Embodiment and Development in Cognitive Science

By Laakso, Aarre | Cognitie, Creier, Comportament, December 2011 | Go to article overview

Embodiment and Development in Cognitive Science


Laakso, Aarre, Cognitie, Creier, Comportament


ABSTRACT

This paper is a survey of the main issues surrounding the role of embodiment in cognition and development. For most of the history of cognitive science, a "disembodied" model of cognition-according to which cognitive processes are independent of sensorimotor processes-dominated the field. More recently, the field has taken a turn toward embodiment, the view that sensorimotor processes routinely influence (and perhaps even constitute) cognitive processes. This view has diverse historical origins in American pragmatism, phenomenology and ecological psychology. However, in recent years, researchers have adduced many arguments and a great deal of empirical evidence in favor of the embodied cognition hypothesis. Developmental psychologists have played an important role in this transformation of cognitive science, adopting and adapting Piaget's views as a means of explicating the role that embodiment plays in development, as well as collecting developmental data that support the embodied cognition hypothesis. Despite the enthusiasm for embodiment among cognitive scientists generally and developmentalists in particular, however, the embodied cognition hypothesis still faces formidable challenges.

KEYWORDS: cognition, development, embodiment, sensorimotor systems

Over the last 20 years or so, an enormous amount has been said in the cognitive science literature about the topic of embodiment, some of it specifically about the role that embodiment plays in development. A comprehensive review of the evidence and arguments is not practical in this forum. Instead, the goal of this paper is to give the reader a sense of the main issues regarding the role of embodiment in cognition and development. The first section traces the history of the "disembodied" perspective that dominated cognitive science from the origins of the discipline through the 1980s. The second section traces the history of the "embodied" perspective. In addition, it surveys some arguments for the embodied cognition hypothesis and describes some of the empirical evidence that weighs in its favor. The third section examines some of the evidence and theoretical contributions that have come out of the developmental literature in particular. The fourth section points out important challenges for supporters of the embodied cognition hypothesis.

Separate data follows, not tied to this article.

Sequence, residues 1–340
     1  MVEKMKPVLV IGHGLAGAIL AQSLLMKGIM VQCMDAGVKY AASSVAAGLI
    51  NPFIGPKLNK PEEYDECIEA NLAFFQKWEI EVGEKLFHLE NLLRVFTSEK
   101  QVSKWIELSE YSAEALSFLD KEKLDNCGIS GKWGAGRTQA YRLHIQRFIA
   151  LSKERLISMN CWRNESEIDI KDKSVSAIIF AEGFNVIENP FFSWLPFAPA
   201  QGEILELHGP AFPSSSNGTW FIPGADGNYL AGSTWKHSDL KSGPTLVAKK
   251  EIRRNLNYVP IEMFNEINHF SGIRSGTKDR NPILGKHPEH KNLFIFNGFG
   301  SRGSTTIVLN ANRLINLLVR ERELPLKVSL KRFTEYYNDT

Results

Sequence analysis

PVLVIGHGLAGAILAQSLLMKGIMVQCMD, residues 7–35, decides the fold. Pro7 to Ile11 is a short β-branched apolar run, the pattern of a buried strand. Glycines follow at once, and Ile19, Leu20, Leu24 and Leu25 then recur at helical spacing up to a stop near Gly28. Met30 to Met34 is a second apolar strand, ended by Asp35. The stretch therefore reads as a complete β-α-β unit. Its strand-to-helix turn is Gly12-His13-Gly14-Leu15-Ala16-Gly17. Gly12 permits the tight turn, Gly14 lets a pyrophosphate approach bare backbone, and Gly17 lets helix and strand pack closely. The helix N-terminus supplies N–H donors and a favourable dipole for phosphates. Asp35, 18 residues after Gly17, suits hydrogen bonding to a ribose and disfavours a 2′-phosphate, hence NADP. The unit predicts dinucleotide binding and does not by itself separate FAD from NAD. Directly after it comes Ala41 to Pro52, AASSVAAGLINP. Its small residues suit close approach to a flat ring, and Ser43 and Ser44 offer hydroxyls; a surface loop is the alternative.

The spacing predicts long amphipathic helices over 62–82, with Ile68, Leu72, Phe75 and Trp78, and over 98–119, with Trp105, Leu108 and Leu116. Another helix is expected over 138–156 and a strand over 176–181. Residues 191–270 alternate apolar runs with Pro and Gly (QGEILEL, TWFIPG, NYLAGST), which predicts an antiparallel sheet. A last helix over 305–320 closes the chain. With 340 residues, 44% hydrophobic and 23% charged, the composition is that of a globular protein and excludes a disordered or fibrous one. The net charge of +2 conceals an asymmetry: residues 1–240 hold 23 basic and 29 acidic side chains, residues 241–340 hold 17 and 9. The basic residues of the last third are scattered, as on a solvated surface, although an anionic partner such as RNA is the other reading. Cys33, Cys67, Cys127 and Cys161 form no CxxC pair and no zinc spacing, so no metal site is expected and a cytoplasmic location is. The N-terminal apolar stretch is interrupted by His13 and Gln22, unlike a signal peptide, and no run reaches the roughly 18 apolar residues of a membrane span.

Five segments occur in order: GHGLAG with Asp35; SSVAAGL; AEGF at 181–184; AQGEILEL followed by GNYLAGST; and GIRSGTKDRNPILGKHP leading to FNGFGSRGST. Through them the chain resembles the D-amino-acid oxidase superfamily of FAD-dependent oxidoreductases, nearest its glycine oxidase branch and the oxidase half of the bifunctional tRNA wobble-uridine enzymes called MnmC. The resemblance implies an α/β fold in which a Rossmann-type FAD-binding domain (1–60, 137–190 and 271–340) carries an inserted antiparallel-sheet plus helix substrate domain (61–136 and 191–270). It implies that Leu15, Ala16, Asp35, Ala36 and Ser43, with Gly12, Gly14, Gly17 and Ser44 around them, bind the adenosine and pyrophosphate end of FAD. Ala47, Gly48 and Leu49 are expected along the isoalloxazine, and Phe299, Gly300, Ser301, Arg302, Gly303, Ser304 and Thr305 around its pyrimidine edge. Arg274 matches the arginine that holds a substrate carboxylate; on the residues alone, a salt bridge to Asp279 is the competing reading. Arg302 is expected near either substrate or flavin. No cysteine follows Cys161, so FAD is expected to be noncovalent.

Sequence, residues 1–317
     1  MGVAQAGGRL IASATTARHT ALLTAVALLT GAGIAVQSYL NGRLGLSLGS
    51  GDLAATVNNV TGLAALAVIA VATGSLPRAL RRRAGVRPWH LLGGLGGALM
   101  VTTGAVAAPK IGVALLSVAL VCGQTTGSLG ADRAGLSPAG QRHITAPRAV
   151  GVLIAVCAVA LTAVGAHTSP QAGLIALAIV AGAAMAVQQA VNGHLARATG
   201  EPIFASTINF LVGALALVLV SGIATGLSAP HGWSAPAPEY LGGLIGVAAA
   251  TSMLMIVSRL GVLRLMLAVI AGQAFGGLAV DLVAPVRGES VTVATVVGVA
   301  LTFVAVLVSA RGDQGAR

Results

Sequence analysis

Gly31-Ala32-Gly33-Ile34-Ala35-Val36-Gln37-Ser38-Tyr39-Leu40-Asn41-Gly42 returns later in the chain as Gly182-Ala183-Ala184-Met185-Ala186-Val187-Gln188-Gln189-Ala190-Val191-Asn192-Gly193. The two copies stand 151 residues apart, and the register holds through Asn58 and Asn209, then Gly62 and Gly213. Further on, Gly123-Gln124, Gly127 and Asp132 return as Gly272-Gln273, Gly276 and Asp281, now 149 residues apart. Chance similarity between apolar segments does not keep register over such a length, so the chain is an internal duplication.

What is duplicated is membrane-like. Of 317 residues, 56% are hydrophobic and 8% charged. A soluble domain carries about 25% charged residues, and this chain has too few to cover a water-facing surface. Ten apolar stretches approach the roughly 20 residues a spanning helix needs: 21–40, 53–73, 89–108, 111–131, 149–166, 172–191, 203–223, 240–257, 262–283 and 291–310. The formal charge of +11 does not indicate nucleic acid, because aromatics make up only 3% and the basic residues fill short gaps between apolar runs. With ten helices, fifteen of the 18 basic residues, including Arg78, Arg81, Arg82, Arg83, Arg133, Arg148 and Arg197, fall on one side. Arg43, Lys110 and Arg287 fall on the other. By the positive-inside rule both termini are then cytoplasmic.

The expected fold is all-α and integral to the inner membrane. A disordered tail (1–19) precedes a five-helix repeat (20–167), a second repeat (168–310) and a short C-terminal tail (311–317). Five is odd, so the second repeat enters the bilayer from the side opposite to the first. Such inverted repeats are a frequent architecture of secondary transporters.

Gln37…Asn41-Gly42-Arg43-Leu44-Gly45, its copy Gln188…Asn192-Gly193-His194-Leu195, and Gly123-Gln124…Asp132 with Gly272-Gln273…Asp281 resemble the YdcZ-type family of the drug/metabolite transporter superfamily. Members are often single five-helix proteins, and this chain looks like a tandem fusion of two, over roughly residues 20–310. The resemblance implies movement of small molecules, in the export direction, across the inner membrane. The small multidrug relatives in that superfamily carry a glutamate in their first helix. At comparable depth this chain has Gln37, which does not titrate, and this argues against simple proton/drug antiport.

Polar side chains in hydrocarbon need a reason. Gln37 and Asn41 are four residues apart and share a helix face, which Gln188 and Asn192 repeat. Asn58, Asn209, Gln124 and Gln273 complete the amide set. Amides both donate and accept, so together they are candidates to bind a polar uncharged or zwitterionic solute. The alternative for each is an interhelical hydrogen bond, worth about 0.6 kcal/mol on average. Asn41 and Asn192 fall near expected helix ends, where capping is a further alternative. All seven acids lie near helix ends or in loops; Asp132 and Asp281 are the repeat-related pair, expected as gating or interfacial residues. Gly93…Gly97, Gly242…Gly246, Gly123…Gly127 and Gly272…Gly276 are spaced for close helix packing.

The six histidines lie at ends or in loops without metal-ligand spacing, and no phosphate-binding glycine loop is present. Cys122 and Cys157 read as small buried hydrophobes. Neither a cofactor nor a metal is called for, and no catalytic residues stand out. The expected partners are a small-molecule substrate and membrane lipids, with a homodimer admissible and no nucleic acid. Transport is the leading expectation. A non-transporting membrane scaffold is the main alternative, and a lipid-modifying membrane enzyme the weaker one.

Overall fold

THE DISEMBODIED PERSPECTIVE IN COGNITIVE SCIENCE

For many years, the orthodox view in cognitive science was that the study of cognition, including the study of conceptual processes and mechanisms, could proceed independently from the study of sensorimotor processes and mechanisms. Researchers assumed that it was sufficient to use discrete, amodal symbols to represent not only the contents of thoughts but also the sensory activities that provide information about the environment and the motor activities that constitute behavior. They considered these sensorimotor processes irrelevant to the core project of cognitive science-explaining cognitive processes, which were thought to take place in an abstract information-processing device. Sensorimotor processes, on this view, were relegated to peripheral input and output devices (M. Wilson, 2002).

The view that cognition can (and should) be studied independently of perception and action had its roots in the computational metaphor of mind, beginning with Turing's concept of a universal computing machine (Turing, 1936). Turing essentially reduced the problem of creating a thinking machine to the problem of calculating mathematical functions (Rohrer, 2007). From its origins in Turing's work, the universal computing machine became the preferred metaphor for the mind through the 1980s (Johnson & Rohrer, 2007).

There was a natural affinity between the computational metaphor of mind and the philosophical position known as functionalism (Putnam, 1960), the view that mental states inherit their contents from their functional roles, that is, their roles in a computational system. …

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